Some purists prefer artists to stay in their lane, but often when they venture out of that tried and tested territory, we hear another side of their superb musicianship. Such is the case in the new recording of Sydney-based jazz pianist Tim Bruer. Essentially fully written compositions, they give the jazz musician the chance to create music with the option of editing, which isn’t possible in the real-time process of improvisation that is central to jazz practice. However, there are some jazz influences sprinkled about in Love letter #6, essentially a jazz waltz, and in Tim’s Pop Song. Love Songs #7 and #9 are original improvisations that Bruer once recorded and then transcribed. No mean feat, capturing spontaneously conceived music and getting it down on paper, as Bruer acknowledges in his liner notes.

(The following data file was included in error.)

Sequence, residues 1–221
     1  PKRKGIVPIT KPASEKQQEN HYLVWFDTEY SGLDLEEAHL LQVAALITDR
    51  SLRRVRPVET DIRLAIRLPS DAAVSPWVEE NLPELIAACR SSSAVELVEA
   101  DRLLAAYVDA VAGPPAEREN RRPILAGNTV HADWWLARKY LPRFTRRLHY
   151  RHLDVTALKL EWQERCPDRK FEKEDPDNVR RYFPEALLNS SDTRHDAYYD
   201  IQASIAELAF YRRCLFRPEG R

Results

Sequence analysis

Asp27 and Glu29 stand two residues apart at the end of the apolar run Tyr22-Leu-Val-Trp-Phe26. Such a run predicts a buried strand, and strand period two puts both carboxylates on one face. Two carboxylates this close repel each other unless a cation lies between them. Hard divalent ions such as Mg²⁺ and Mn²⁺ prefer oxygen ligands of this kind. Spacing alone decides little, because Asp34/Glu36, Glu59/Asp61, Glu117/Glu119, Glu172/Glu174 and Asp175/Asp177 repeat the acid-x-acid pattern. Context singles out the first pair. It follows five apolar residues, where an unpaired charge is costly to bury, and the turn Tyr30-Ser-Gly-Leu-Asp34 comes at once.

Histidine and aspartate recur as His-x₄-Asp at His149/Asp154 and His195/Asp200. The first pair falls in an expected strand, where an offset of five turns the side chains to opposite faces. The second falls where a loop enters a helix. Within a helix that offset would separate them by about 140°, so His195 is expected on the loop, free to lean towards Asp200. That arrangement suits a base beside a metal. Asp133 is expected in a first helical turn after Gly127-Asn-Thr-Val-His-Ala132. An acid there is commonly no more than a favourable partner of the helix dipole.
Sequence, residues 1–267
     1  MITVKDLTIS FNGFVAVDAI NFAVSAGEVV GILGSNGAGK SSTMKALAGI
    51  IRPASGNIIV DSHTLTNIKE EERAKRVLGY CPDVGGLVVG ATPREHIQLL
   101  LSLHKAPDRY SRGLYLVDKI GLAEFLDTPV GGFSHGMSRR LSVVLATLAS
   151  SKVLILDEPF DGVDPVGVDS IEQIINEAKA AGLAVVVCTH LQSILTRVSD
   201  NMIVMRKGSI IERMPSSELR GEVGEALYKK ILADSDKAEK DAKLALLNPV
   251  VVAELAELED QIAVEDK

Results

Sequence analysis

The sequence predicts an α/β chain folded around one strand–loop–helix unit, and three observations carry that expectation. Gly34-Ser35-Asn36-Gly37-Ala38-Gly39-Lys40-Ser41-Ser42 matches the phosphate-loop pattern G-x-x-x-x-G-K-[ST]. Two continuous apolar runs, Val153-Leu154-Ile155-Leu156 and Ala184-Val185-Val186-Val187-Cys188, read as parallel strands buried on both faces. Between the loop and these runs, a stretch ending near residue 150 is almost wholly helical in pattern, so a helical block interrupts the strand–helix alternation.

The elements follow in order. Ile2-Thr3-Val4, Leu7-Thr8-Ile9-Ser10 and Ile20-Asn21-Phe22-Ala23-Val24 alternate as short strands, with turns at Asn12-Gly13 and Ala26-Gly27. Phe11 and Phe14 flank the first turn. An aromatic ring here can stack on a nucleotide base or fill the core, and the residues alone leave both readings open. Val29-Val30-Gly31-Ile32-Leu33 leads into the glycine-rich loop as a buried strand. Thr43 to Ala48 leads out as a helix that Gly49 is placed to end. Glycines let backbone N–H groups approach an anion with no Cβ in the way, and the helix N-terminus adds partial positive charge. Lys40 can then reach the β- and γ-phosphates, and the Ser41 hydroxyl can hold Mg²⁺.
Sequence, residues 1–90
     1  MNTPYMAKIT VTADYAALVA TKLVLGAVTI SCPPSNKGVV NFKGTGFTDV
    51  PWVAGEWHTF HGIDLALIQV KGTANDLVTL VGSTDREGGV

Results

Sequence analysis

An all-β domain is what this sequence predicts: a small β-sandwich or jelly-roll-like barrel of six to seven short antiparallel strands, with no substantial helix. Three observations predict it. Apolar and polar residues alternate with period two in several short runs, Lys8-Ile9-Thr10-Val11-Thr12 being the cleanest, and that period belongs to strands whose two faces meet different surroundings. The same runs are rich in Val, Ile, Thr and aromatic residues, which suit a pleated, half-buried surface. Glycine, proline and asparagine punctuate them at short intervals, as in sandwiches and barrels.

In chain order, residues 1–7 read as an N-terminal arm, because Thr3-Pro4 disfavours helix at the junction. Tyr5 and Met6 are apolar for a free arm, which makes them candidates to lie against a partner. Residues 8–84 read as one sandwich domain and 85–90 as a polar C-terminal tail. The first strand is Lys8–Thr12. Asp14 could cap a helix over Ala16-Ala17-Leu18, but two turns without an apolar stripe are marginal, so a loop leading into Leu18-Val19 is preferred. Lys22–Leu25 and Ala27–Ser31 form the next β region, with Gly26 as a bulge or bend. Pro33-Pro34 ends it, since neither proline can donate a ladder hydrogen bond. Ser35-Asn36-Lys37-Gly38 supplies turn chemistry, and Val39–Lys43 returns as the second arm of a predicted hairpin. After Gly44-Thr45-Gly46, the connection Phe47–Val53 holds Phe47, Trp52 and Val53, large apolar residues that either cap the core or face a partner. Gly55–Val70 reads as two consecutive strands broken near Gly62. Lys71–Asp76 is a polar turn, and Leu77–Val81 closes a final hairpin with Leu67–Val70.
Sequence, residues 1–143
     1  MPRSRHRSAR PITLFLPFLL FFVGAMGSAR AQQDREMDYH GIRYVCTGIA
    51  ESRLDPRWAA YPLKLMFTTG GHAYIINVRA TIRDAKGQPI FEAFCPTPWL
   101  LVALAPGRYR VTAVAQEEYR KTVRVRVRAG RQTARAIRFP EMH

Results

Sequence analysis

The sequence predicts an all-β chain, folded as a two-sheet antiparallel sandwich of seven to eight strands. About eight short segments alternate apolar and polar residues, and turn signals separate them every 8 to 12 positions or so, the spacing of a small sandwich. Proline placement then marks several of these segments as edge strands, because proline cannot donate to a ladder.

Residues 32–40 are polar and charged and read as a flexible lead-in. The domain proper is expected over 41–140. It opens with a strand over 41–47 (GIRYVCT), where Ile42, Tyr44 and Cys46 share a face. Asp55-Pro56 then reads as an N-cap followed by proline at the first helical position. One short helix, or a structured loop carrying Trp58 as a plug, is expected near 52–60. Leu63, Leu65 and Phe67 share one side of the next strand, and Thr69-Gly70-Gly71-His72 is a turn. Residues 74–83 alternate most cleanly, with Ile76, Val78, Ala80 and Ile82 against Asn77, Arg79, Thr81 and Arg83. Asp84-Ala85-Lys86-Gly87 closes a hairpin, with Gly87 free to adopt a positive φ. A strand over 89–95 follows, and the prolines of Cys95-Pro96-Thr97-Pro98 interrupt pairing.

A standout track is the brief inspirational Love song #5, subtitled Elegy for Biddy. Composed after returning from a cathartic pilgrimage in Spain as part of his grieving for his late mother, it perfectly captures the album’s theme. Changing lanes, Bruer has delivered a stellar album full of warmth, understatement, and effortless flow with a unique rhythmic sensibility that is best listened to in
– Barry O’Sullivan